Like just about everyone, I made my fair share of money mistakes in my twenties. And of course, most of them seem so obvious now that I question what my younger self was thinking.
The mistakes I made are things that a lot of people do wrong. Fortunately, I’ve been able to fix them and drastically improved my finances as a result. If you’re dealing with similar issues, I’ve explained my biggest money mistakes — as well as how I fixed them.
One email a day could help you save thousands
Tips and tricks from the experts delivered straight to your inbox that could help you save thousands of dollars. Sign up now for free access to our Personal Finance Boot Camp.
By submitting your email address, you consent to us sending you money tips along with products and services that we think might interest you. You can unsubscribe at any time.
Please read our Privacy Statement and Terms & Conditions.
1. Not saving a portion of every paycheck
My costliest mistake, by far, was that I didn’t make a habit of saving money. I wanted to save, but it was never a priority. My thinking was that I’d save whatever I had left over at the end of the month. As anyone who has tried that knows, it rarely works out well.
As I got more serious about money, I adopted one of the most recommended financial habits: I started to pay myself first by sending money to my savings account right after getting paid.
You don’t need a lot of disposable income to do this. Even if you’re saving $20 a month, it still adds up. Most importantly, it gets you into the habit of saving money.
2. Overspending with credit cards
I definitely got into some bad habits with my credit cards when I was younger. I wasn’t using a budget, so I’d spend what I thought I could afford. I made purchases that weren’t covered by the money I had in my account because I figured I’d have it by the time my bill was due. And I carried balances, so I got charged credit card interest.
On the bright side, I never went crazy or came close to maxing out a credit card. Still, my overspending cost me money.
A few simple changes helped me get a better handle on my credit cards. I made a budget. I started tracking spending instead of guessing. And I pledged to always pay my credit card bill in full, no matter what.
3. Waiting to invest and save for retirement
When people told me it was important to start saving for retirement at a young age, I never paid much attention. I figured retirement was decades away, and I’d find a solution along the way.
But the advantage of starting early on your retirement savings can’t be overstated. Thanks to compound interest, a head start of a couple of years can help you save tens of thousands of dollars more.
This was another habit I had to develop. Along with contributing to my savings every month, I also set up regular retirement contributions.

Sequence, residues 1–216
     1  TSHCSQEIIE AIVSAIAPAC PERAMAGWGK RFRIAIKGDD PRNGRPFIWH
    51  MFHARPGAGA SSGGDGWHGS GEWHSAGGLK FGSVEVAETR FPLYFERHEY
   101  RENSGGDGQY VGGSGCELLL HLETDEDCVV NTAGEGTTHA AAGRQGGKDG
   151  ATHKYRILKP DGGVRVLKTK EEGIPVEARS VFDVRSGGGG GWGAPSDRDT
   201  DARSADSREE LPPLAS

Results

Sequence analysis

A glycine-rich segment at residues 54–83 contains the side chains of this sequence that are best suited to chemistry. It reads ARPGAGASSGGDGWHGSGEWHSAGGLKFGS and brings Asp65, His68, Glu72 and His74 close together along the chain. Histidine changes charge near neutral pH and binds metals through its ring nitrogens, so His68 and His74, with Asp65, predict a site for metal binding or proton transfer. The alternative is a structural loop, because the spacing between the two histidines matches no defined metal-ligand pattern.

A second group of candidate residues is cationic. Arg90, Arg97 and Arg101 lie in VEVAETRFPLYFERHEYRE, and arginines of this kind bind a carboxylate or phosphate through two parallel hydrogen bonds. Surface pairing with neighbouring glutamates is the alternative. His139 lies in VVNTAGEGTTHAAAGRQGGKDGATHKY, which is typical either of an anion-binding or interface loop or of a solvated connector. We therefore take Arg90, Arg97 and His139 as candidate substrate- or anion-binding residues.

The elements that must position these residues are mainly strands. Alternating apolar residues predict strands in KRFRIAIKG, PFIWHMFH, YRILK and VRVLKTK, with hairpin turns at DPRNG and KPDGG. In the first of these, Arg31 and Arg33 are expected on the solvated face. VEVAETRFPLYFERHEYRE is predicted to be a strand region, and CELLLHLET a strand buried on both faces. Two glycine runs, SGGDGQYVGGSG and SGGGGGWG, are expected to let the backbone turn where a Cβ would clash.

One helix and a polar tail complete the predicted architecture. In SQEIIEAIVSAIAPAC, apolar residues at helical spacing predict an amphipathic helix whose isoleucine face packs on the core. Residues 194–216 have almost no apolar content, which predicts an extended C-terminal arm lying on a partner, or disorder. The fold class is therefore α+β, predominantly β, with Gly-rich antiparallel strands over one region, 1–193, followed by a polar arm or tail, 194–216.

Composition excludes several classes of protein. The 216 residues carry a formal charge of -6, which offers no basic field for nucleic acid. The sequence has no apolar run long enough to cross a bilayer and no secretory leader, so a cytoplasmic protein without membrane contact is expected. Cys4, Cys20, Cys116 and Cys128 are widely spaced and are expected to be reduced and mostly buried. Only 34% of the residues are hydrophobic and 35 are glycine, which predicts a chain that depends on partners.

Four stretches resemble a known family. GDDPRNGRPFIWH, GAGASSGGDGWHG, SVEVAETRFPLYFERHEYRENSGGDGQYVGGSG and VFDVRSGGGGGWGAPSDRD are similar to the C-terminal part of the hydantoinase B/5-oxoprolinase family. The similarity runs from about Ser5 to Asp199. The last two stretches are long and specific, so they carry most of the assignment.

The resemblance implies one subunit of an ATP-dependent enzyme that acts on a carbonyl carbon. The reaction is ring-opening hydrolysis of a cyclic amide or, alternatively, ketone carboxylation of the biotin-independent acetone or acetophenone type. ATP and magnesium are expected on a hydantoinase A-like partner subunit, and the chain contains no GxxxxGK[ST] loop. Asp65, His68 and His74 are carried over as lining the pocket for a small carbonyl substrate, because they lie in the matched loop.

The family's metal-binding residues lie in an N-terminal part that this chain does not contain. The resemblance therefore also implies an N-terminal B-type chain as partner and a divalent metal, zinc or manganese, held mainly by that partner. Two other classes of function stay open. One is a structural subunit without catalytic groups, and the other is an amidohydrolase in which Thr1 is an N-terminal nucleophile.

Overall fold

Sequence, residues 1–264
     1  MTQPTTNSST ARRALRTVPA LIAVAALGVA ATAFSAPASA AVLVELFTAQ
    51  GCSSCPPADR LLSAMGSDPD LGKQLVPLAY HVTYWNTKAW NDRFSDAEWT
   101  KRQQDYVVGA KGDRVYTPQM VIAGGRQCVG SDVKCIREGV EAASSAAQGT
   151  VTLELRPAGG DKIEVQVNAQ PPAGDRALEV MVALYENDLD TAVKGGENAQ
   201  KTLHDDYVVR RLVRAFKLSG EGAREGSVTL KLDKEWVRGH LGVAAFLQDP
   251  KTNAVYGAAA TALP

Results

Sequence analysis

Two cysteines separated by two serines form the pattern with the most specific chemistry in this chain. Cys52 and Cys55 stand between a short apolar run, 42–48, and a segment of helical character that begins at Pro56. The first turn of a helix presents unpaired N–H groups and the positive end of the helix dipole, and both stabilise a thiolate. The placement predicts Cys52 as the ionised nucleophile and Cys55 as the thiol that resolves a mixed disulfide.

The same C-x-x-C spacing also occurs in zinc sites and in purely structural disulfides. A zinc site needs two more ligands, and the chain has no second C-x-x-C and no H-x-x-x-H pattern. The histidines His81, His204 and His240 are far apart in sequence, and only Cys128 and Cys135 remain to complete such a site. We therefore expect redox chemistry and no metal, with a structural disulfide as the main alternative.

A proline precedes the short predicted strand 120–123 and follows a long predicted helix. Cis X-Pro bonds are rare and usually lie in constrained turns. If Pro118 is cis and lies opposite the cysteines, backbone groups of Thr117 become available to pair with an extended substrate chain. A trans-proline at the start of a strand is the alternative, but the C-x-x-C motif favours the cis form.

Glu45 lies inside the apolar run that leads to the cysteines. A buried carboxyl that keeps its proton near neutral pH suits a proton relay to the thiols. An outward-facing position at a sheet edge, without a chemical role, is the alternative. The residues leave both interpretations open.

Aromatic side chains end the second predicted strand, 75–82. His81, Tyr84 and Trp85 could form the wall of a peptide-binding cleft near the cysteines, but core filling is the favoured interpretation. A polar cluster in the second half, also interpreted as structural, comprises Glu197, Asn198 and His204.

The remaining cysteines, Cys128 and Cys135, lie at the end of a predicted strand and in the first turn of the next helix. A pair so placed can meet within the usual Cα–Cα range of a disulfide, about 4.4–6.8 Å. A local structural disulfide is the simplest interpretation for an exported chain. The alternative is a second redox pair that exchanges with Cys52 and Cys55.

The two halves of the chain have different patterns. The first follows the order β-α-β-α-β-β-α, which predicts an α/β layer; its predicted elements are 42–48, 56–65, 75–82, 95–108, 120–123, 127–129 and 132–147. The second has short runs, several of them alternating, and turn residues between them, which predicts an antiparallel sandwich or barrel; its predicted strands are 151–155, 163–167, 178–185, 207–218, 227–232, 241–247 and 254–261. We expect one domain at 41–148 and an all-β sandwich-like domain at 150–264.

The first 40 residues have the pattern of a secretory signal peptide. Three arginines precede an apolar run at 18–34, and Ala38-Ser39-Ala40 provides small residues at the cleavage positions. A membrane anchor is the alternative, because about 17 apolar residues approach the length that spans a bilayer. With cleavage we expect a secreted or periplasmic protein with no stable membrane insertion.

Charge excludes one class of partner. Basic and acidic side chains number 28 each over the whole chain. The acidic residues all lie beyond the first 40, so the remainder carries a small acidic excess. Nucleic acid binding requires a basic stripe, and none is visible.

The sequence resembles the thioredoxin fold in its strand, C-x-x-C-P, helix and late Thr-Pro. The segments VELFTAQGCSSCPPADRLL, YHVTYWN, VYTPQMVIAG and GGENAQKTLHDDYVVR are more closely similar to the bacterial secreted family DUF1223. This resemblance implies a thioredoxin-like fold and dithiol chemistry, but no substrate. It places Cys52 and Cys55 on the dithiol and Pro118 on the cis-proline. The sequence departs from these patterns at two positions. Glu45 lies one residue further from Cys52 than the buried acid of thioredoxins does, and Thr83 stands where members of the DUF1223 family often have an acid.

4. Not having an emergency fund
Maybe I’m weird for thinking this way, but an emergency fund always seemed kind of depressing. You’re saving money, but not for anything enjoyable. You’re saving for the possibility of something going wrong.
As I found out, it’s much more depressing not to have an emergency fund when you need one. This was also a reason I overspent on credit cards — I didn’t have a safety net for emergency expenses.
Once I’d had enough of that, I set up savings for emergencies only. I contributed to it regularly until I had six months’ worth of living expenses put away. And I’ve realized it isn’t depressing at all. Quite the contrary, my emergency fund takes away financial stress.
5. Failing to plan for big expenses
My philosophy for big expenses used to be that I’d resolve them as they happened. There was no planning ahead for things like tires for my car, holiday trips, or moving to a new apartment.
This led to a lot of unnecessary stress. Even during times when I was supposed to be relaxing, like vacations, I was worrying about money.
The best way I found to fix this is by setting savings goals for all future big expenses. I save a specific amount per month toward each goal. Opening a separate savings account for each of these goals has also helped.
6. Using a subpar credit card for too long
I’ve had credit card debt in the past, but I’ve always handled my credit score well. I pay on time and don’t use too much credit, which helped me get good credit at a young age.
The problem was that I waited far too long to make the most of my good credit. Instead of shopping for the best credit cards and picking one with high rewards, I just applied for a card with my bank. I spent years earning a mediocre 1% back on every purchase when there were cards offering much more.
This has probably been my biggest change. Nowadays, I’m a credit card enthusiast. Before I apply, I always compare credit cards to make sure I’m making the right choice.
7. Wasting time on unrealistic financial goals
Despite some poor financial habits, I was very keen on making more money in my twenties. But I looked for quick fixes instead of real solutions.
I searched for ways to double and triple my money. Basically, I wanted a get-rich-quick scheme. Luckily I didn’t lose any money on silly ideas like these, but I wasted time.
Eventually, I realized that I may not achieve overnight results by investing, but I could at least start growing my wealth. I started putting money in a mutual fund through a brokerage account, and that has been my best investment to date.
There’s no denying I used to be bad with money. After a lot of learning and hard work, I’m in a much better place. If you’re not completely satisfied with your financial situation, fixing your money mistakes could get you the results you want.
View more information: https://www.fool.com/the-ascent/personal-finance/articles/the-7-biggest-money-mistakes-i-made-in-my-20s/